As Apple readies entry-level iPhone, low-cost smartphone market predicted to explode

As Apple readies entry-level iPhone, low-cost smartphone market predicted to explodeApple iPhone

Apple hasn’t announced any new smartphones yet this year, but the company’s plans seem like a matter of public record at this point. The “iPhone 5S” will reportedly be an incremental update that replaces Apple’s current flagship model in the late summer or early fall, and half a dozen solid reports suggest a new low-cost iPhone will debut in 2013 as well. Growth continues to slow at the high end of the smartphone market and a new opportunity is emerging at the bottom as feature phones become a thing of the past. It remains to be seen if Apple can build a phone that is affordable enough to compete in emerging markets, but market research firm ABI Research’s recent report might provide some incentive: Shipments of low-cost smartphones are expected to explode in the coming years.

[More from BGR: iOS 7 again said to feature UI redesign, may be ‘unsettling’ to longtime users]

In a recent report, ABI projected that shipments of sub-$250 smartphones will grow from 259 million units this year to 788 million units in 2018, at which point they will make up nearly half (46%) of the global smartphone market.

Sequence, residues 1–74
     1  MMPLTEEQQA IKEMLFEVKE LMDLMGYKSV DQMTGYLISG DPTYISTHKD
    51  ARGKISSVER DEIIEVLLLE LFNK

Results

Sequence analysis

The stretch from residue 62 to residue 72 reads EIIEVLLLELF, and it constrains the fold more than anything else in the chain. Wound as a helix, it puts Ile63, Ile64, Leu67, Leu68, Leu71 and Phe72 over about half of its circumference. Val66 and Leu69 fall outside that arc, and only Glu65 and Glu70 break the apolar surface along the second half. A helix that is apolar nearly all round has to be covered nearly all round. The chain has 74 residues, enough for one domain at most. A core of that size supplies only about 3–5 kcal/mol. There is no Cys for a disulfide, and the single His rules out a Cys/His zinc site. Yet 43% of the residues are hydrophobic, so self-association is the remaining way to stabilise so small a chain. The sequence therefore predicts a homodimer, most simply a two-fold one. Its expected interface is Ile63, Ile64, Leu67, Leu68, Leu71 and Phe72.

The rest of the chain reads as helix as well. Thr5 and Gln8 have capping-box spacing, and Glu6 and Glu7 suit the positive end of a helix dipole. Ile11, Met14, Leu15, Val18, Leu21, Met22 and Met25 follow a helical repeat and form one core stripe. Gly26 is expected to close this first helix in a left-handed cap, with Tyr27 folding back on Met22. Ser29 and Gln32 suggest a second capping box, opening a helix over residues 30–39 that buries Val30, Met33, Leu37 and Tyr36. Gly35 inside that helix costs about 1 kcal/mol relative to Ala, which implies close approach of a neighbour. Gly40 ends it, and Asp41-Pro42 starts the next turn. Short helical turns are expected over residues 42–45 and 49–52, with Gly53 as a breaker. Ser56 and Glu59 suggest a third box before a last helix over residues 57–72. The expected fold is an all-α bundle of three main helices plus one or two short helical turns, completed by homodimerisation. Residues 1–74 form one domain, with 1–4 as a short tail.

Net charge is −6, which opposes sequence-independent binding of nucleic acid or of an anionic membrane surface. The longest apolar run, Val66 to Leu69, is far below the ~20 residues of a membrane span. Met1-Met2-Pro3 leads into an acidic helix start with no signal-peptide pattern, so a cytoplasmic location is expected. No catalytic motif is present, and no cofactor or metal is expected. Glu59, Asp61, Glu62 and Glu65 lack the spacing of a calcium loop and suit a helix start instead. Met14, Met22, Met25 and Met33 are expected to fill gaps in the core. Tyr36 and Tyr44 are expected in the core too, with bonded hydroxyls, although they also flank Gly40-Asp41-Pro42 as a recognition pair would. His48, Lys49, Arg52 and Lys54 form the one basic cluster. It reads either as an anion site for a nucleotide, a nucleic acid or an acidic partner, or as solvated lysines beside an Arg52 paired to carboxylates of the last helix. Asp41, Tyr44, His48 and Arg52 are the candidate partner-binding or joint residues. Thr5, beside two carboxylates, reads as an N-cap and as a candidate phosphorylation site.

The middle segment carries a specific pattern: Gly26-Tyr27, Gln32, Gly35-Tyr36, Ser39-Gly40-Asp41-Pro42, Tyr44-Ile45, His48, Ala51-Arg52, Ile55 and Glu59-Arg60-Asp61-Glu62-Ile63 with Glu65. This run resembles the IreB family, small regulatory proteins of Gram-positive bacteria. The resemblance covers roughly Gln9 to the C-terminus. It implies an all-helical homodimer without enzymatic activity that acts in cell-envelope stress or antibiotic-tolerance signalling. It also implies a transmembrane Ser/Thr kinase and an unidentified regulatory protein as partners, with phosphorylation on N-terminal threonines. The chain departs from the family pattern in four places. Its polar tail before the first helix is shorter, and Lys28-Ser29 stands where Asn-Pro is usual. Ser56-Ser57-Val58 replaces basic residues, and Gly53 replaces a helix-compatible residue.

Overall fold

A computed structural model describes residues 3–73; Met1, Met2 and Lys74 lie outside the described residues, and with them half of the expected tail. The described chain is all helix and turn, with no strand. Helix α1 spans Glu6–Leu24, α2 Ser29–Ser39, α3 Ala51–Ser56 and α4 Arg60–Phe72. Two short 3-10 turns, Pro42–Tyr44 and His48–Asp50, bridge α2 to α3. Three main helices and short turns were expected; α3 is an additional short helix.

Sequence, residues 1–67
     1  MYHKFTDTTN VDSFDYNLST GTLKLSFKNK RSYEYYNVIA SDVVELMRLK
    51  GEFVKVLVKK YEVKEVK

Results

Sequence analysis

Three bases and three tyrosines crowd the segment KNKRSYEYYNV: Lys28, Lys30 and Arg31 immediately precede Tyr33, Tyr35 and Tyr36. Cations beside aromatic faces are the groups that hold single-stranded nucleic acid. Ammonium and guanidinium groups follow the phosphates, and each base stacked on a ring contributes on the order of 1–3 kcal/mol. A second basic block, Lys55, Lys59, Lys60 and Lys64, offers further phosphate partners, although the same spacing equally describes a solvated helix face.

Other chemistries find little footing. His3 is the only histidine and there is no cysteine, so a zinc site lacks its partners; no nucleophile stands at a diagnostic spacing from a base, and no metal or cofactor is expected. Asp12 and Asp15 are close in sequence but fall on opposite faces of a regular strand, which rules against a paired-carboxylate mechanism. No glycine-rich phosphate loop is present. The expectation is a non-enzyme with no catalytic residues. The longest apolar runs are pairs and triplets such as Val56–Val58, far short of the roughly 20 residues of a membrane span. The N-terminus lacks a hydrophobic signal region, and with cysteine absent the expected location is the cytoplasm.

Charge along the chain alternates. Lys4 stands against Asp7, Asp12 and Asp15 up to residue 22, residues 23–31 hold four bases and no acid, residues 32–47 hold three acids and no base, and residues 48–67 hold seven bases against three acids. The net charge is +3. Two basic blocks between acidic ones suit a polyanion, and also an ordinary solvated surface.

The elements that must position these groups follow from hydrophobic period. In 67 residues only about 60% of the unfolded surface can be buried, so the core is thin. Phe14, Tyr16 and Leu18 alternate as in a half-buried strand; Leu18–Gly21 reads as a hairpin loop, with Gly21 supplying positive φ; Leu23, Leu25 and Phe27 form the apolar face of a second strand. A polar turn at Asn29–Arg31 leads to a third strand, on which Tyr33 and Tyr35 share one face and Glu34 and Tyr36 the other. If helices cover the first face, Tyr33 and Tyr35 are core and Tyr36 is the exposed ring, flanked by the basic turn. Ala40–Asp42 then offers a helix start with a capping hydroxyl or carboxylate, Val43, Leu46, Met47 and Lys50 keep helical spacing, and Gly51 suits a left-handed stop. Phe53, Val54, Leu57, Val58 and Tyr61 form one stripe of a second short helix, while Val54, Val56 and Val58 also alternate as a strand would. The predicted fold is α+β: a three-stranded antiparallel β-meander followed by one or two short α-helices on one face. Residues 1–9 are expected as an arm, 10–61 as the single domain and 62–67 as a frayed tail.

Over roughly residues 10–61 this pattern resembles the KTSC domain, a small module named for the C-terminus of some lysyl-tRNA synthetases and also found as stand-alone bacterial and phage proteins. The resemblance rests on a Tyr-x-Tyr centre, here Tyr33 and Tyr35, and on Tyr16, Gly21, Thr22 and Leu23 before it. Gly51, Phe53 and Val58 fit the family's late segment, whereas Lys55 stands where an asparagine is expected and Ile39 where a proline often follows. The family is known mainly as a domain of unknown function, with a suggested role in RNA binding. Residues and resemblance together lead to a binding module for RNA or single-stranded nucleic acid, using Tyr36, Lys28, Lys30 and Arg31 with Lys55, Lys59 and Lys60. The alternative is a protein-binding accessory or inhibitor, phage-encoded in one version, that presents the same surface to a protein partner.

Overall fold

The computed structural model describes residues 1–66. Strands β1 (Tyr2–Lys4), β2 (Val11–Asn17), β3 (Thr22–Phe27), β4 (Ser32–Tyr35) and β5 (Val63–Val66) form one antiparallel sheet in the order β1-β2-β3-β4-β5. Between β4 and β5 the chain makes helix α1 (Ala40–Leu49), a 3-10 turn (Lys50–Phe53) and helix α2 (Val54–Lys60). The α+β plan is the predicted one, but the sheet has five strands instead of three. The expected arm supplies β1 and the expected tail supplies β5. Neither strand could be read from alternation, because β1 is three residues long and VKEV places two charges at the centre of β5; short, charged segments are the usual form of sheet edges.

[More from BGR: Microsoft shows off reality-distorting tech that turns entire living rooms into Xbox games [video]]

Mid-range handsets that cost between $250 and $400, and high-end phones that cost more than $400, will grow much more slowly over the next five years, ABI believes. Combined shipments are expected to grow from 635 million in 2013 to 925 million units in 2018.

“As the feature phone segment continues to lose its battle for relevance, the low-cost smartphone has become the tool for operators seeking to drive increased data revenues,” ABI analyst Michael Morgan said. Morgan and company see demand for prepaid wireless services and growth in emerging markets as key drivers for low-cost smartphones.

“As smartphone penetration moves from early adopters to mass-market and laggard consumer segments, the smartphone as a product will be less dependent on technical superiority, and more dependent on reliability and value,” ABI senior practice director Jeff Orr added.


This article was originally published on BGR.com

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